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Julius Boros — Golf’s Original Grand Old Man

by kirkcoburn
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It is finally the summer solstice and my musings start turning towards more important things in life. If you didn’t watch Phil Mickelson’s march up the Ocean Course at Kiawah at the end of May, you really missed one of the greatest comebacks in sports, not just golf. With his two-stroke victory over Brooks Koepka, Mickelson — who hadn’t won a major since 2013 — sealed his spot as the oldest winner of a PGA biggie. He beat Julius Boros’s PGA record of 48 years old (and four months, 18 days) at the 1968 PGA Championship, which was about three years before Mickelson was born. So as I watched this final round, I thought a lot about Julius Boros.

He had the bad timing to be at his peak during the Arnold Palmer-Jack Nicklaus years, so Boros never hit the heights that he was really capable of. His book, Swing Easy, Hit Hard, influenced me as a golfer more than just about anything else. I grew up playing, and Julius Boros was one of my idols.

You’re probably thinking I was a one-trick pony with my love of surfing, but I’ve actually picked up golf again.

Boros fascinated me because he was definitely NOT a one-trick pony. He didn’t turn pro until he was almost 30, leaving behind a scintillating career as an accountant to try his luck on the PGA Tour. He was also one of pro golf’s first entrepreneurs, branching out of the fairway into other business ventures. At six feet and 200 pounds, he earned the nickname Moose but had the softest hands in the game. Also, he was good-looking as hell and was often compared to Dean Martin (go look him up, this was a big deal in the 50s and 60s) for both his easygoing demeanor and sense of humor — something I think all men aspire to. 

Life Before Golf

Julius Boros pretty much lived the American dream. He was the son of Hungarian immigrants who’d settled in Fairfield, Connecticut, and he grew up right next to the 10th hole of the Fairfield Country Club. When he was a kid, Boros and his brothers hopped the fence to the golf course to get in a few under-the-radar holes. 

Playing on the lam taught Boros to play fast, which led to his trademark easy swing tempo, which was the inspiration for his autobiography title. Like most fathers, Boros’s dad was not enthusiastic about young Julius trying to make a career out of golf.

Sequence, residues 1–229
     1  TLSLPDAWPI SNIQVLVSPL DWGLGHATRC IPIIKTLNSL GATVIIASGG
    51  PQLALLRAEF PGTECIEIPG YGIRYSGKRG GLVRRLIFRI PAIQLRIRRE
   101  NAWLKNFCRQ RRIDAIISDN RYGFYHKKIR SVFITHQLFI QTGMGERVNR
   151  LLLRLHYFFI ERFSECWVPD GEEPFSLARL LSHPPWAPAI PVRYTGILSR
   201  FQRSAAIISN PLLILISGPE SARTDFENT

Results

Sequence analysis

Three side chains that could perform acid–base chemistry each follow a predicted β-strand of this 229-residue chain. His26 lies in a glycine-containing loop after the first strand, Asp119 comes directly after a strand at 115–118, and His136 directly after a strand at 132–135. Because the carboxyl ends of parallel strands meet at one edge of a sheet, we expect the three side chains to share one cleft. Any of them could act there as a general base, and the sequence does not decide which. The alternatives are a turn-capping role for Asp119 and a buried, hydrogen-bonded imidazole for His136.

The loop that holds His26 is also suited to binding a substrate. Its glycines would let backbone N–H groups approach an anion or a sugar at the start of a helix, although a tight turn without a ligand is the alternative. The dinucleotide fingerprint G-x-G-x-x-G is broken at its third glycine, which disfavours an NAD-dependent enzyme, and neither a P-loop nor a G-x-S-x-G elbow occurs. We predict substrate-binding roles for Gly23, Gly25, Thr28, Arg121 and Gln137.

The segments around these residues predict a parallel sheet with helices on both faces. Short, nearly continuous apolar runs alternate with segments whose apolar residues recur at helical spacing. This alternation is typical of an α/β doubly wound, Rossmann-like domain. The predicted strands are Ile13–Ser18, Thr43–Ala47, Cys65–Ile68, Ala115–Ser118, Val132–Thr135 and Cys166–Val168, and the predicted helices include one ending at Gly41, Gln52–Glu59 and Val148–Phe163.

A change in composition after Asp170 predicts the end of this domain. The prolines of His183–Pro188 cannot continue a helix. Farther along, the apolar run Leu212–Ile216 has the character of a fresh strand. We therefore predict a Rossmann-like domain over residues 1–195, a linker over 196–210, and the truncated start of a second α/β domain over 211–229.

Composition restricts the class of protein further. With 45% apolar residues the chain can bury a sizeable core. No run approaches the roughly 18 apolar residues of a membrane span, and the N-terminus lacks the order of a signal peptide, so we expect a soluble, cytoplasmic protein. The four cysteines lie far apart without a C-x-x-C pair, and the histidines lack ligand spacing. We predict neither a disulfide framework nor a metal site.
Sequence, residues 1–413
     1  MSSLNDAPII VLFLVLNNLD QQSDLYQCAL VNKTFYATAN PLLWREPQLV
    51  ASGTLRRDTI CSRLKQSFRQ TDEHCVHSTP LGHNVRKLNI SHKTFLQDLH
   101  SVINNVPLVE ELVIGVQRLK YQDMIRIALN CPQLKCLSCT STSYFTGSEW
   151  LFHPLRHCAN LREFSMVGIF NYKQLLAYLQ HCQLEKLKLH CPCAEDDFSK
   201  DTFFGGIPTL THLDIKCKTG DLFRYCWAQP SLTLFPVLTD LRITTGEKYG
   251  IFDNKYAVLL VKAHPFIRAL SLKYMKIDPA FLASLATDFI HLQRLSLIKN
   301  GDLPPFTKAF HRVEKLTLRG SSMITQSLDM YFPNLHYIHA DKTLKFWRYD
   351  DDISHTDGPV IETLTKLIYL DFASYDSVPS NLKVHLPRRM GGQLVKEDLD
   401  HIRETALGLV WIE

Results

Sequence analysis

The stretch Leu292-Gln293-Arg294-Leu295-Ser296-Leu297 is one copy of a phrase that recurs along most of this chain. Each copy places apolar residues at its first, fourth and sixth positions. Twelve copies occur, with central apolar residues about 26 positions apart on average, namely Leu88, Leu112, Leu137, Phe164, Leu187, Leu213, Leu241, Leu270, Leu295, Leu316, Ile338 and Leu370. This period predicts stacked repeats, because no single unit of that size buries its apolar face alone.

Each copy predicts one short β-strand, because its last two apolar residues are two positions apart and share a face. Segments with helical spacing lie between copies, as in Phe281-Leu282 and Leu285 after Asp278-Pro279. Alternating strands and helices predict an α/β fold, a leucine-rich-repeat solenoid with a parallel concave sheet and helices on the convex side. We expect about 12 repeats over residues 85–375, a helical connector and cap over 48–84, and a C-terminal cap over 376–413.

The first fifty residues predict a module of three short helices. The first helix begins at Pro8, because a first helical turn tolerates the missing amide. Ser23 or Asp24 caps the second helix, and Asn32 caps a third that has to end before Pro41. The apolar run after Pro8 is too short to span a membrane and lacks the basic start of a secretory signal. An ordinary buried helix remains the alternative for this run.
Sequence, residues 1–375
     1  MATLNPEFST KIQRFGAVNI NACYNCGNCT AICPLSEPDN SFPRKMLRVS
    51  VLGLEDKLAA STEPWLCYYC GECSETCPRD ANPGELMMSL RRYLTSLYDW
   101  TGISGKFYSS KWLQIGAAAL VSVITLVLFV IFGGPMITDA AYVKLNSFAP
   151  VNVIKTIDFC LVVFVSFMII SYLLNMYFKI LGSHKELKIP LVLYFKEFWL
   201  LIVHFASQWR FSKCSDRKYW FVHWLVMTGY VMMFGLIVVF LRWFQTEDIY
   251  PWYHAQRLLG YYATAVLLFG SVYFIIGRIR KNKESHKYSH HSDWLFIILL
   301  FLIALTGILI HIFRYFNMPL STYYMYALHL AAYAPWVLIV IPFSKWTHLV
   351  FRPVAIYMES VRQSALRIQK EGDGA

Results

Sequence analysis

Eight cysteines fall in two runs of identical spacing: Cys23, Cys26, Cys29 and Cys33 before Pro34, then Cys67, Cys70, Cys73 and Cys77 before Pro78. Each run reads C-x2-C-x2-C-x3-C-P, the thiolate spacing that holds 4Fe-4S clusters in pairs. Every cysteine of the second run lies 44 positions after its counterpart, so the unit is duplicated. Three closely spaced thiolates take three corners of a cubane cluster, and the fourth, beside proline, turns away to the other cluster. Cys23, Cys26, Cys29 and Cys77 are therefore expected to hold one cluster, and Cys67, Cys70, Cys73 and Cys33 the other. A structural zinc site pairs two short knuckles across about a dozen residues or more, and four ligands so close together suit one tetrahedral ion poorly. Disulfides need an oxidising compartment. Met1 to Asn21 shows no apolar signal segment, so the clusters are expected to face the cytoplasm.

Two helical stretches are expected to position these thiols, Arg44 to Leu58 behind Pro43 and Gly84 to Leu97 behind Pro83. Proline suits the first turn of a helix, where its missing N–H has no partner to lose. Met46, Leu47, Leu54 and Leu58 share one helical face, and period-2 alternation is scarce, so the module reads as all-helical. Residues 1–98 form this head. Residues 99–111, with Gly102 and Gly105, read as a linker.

That’s not a huge surprise since the tour wasn’t exactly the financial juggernaut it is today. So Julius went to work after high school, and he went into WWII as a medic in the Army Air Corps — where he spent his time in Biloxi, Mississippi, playing golf with the military brass. 

Post-war, he had hit his full height of six feet and clocked in at 200 lbs — a moose of a man in the 1940s, hence his nickname. Moose Boros kept up the golf, but his day job was as an accountant for a trucking company in Hartford. 

Pinehurst and Mid-Pines

All great golf makes at least one stop in Pinehurst, where Julius Boros really hit his stride in golf and in life. If you’ve been adding numbers in Connecticut and dreaming of fast greens, it’s heaven on earth. 

Moose’s boss, Mike Sherman, was also a friend and golfing buddy. When Sherman bought the Southern Pines Country Club in 1946, he sent Moose down to Southern Pines to do the bookkeeping in 1948 and play all the golf he wanted. That’s not a bad perk for a kid from Connecticut who grew up jumping the fence in the freezing cold.

Back in the first half of the century, there was a tournament at Pinehurst #2, the North-South Open (it’s an amateur tournament today). To give you an idea of the stature of this little weekender, Sam Snead and Ben Hogan won their share of the tourney. But the Ross brothers, Alec and Donald, won nine between them. I guess designing the course gives you an advantage. 

Anyway, Boros had the chance to play in the tournament as an amateur in 1948. Sherman was a sport and gave him the week off. So the accountant from Hartford got to test his game against the greats like Sam Snead. You’d think that playing in the tourney would have been it for Boros’s luck for the weekend, but he also met his first wife, Buttons, that day and won the warm-up with a 67. He came in second to Tony Penna in the tournament, tying Snead. 

Going Pro

Julius Boros turned pro the following year, at the ripe old age of 29. Mickelson had won 16 tournaments by then, all within the first eight years of his pro career. Moose won 18 tournaments between 1952 and 1968. This included the US Open twice and a PGA for the ages in 1968. He was the PGA Player of the Year in 1952 and 1963. Also, he led in winnings in 1952 and 1955. He also played on four Ryder Cup teams.